On 28 October 2020, the Takshashila Institution hosted a webinar on how to vaccinate up to a billion Indians against COVID-19, to discuss the various logistical, administrative, and ethical aspects of vaccinating Indians. The discussion was based on the slide-doc “A COVID-19 Vaccine Deployment Strategy for India”, that the team at Takshashila has come up with.
The speakers for the session were Shambhavi Naik, Research Fellow, and Ameya Paleja, Intern, at the Takshashila Institution. The panelists included Nitin Pai, Director, Narayan Ramachandran, Advisor, Mihir Mahajan, Adjunct Fellow, and Rahul Matthan, Fellow, Takshashila Institution. The event was hosted and moderated by Pranay Kotasthane, Head of Takshashila’s Research team.
Pranay Kotasthane opened the conversation by addressing how the question of COVID-19 vaccine distribution is more important than any other questions straddling the areas of public health, economy, and geostrategy. Shambhavi Naik then began the presentation by stating the aim of the vaccine strategy – vaccinating 80% of India’s population by December 2021. Explaining the first two steps of the strategy – estimating need and securing the supply – she went into the details of how the population groups should be prioritised and what the government needs to do to facilitate the manufacturing of vaccines.
Ameya Paleja then provided insights on the last two steps – choosing delivery channels and conducting post-market surveillance. Imploring that a “one size fits all” strategy will not be appropriate, he talked about the various distribution channels and the suitability of the National Health Authority to manage the vaccination data for monitoring.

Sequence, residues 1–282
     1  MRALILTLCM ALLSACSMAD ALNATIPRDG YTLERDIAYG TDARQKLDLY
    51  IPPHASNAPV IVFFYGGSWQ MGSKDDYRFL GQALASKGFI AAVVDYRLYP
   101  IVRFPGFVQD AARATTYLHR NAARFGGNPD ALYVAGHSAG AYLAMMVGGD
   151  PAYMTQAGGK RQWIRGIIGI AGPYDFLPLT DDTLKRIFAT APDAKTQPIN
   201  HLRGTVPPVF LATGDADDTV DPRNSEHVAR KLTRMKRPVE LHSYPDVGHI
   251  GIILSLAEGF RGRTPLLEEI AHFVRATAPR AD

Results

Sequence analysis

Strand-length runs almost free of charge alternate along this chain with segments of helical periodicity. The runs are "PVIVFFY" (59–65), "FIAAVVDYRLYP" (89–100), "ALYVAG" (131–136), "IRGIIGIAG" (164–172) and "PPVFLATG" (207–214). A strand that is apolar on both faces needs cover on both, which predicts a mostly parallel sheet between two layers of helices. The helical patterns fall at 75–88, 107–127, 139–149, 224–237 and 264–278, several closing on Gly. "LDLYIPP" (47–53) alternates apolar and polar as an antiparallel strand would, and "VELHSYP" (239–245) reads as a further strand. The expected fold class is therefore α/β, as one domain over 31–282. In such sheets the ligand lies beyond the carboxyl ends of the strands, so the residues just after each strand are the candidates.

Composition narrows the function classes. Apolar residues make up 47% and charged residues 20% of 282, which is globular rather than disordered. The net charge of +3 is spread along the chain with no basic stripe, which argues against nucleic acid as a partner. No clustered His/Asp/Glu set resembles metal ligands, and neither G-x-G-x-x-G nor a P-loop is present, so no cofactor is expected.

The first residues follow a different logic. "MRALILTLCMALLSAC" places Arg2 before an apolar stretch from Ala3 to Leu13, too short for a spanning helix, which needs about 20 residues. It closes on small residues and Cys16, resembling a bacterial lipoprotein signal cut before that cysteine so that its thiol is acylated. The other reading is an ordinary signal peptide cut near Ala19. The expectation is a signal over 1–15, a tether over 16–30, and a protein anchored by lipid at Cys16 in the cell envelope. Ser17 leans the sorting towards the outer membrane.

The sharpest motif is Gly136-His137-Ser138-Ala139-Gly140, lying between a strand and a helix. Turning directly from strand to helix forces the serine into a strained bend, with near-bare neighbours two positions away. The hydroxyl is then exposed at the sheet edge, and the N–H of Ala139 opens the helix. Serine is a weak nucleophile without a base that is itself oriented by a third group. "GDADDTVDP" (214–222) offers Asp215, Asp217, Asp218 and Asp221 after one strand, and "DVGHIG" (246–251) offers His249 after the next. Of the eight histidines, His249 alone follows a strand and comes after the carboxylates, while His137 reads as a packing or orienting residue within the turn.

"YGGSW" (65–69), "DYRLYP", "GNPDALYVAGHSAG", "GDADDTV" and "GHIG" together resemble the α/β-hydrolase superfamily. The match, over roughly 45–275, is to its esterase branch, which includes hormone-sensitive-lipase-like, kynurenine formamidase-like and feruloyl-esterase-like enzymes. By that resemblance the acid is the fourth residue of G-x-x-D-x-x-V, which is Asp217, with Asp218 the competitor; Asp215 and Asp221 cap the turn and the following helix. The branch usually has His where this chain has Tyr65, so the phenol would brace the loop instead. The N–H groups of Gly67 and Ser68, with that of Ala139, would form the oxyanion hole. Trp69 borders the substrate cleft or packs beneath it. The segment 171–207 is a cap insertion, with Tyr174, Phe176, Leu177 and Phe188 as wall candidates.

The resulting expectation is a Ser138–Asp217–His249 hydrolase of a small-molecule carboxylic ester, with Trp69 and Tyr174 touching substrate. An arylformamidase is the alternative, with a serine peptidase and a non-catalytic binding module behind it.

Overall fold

After the in-depth explanation of the proposed vaccine strategy, the forum was opened for Q&A. One of the participants asked a question about how the government would finance such a massive vaccination exercise. In his reply, Narayan Ramachandran said that the government will have to fund it through debt, which will have implications on fiscal deficit. The government will have to defray it through some form of tax, probably a cess.
In reply to another question posed by one of the participants, about integrating and collating data, Rahul Matthan replied that the National Health Authority is best suited to manage this data, as it is already responsible for managing the data for the PM-JAY scheme and will be rolling out the National Digital Health Mission in the near future.
After the Q&A session, Pranay Kotasthane concluded the session by remarking that the proposed vaccine strategy is a reasoned approach and all the trade-offs were considered while designing the strategy.
You can watch a recording of the session here.